Since we are taking the mean as 2, or at least assuming it should be something in that ballpark, one percent of that would be 0.02. So if we know the standard deviation, the uncertainty we want, and the formula for the uncertainty on the mean, then we get,
uncert = SD / sqrt (n) ==>
0.02 = sqrt(2) / sqrt(n) ==>
4e4 = 2/n ==>
n = 0.5 e +4 ==>
n = 5,000
So we want to make 5,000 measurements, and since each measurement is one second long, this corresponds to 5,000 seconds.
I hope this manages to help someone (and that I'm actually doing it right!).
Prologue 20091105 10:13:11 
Thank you!

kiselev 20110318 11:29:03 
Well done!

timmy 20110502 20:51:54 
this is correct.
also, yosuns solution, as usual is absolutely terrible and makes no sense at all. Honestly who is yosun, and why is all of yosuns solutions so bad???
I mean this site is great, but some of these solutions are just grossly wrong in terms of methodology, even if they are technically correct.

timmy 20110502 20:55:15 
let me elaborate: when I say Yosun's solutions are bad, I don't mean they are wrong, far from it.
The problem is that they go into to much detail and theory to be almost useless to the test taker.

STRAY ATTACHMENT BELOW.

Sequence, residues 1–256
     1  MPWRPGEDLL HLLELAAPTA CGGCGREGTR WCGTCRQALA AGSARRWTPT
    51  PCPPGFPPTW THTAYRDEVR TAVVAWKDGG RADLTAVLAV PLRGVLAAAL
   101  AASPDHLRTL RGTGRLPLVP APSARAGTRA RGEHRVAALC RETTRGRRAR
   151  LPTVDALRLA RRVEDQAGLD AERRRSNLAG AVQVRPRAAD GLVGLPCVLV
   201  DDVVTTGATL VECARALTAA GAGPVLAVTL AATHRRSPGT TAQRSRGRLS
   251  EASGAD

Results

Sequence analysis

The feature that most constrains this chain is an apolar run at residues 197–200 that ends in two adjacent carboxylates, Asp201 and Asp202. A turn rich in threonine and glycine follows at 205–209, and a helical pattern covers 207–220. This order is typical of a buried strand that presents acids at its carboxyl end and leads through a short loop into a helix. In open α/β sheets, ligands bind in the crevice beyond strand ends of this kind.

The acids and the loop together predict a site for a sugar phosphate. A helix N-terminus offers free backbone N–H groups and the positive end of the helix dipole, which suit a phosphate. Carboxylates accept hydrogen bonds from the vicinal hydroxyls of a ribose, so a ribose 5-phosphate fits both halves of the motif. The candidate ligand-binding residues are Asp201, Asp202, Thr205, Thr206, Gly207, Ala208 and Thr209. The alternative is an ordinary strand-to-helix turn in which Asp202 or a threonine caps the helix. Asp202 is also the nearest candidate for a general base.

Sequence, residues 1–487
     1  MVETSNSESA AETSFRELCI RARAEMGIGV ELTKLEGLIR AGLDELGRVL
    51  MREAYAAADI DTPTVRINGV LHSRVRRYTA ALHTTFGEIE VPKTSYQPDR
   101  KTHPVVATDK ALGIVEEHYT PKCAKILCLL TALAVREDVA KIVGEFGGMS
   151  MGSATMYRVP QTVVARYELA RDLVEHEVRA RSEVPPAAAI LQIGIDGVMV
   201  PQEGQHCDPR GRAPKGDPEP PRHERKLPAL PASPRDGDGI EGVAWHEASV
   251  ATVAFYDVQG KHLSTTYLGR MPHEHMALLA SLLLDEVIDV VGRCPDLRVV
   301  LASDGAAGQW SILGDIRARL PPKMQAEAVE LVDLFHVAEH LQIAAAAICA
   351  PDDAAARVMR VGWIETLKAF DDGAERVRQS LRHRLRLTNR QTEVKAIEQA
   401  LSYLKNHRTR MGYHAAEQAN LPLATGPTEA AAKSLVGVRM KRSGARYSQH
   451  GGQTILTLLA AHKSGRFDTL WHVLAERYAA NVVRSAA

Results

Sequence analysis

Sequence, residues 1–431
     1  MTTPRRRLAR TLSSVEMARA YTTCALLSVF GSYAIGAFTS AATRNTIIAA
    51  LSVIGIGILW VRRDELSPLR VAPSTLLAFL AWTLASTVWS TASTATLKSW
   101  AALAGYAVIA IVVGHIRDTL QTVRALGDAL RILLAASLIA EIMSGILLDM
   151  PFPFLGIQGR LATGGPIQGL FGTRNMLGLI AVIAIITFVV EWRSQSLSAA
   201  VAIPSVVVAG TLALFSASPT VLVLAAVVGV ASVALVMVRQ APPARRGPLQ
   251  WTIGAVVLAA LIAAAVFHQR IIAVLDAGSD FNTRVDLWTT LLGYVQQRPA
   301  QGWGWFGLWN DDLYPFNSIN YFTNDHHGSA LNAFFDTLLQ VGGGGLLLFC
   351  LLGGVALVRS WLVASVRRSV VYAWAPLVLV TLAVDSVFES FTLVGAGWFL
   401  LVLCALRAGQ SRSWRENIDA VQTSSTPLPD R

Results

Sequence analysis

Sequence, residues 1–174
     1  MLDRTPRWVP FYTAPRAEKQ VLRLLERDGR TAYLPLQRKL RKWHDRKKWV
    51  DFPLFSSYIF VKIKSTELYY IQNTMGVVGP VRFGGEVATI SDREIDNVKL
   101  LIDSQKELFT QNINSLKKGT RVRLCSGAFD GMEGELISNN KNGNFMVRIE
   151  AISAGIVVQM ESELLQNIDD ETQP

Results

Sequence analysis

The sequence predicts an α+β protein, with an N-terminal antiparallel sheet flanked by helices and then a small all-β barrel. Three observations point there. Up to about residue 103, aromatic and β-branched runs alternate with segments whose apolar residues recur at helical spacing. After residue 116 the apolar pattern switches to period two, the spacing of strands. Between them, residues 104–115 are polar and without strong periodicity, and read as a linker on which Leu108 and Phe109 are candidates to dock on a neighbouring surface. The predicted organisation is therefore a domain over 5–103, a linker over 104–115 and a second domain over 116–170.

The testtaker needs to UNDERSTAND the basics of what they need to know and QUICKLY SOLVE the problem. Yosun's solution don't EXPLAIN the problem well at all. The solution given above is terrible in terms of explaining what is going on in the problem with the rate and the 1% etc.

Quark 20111005 14:32:36 
yosun created this website so you should actually be thankful for all of his solutions.

rizkibizniz 20111107 00:44:57 
@Quark you mean her solutions. Yosun is a she.

  tensorwhat 20090319 20:39:42  This is way more simple....
/N = 1% = 1E2
Solve for N
N = 1/1E4 = 10,000 s
There are 2 counts per second, so 10,000 s/2 = 5,000 s
Done.
AER 20090402 16:14:24 
Where 2 is still the average of the ten measurements, and each measurement was 1 sec long.

ajkp2557 20091107 05:03:37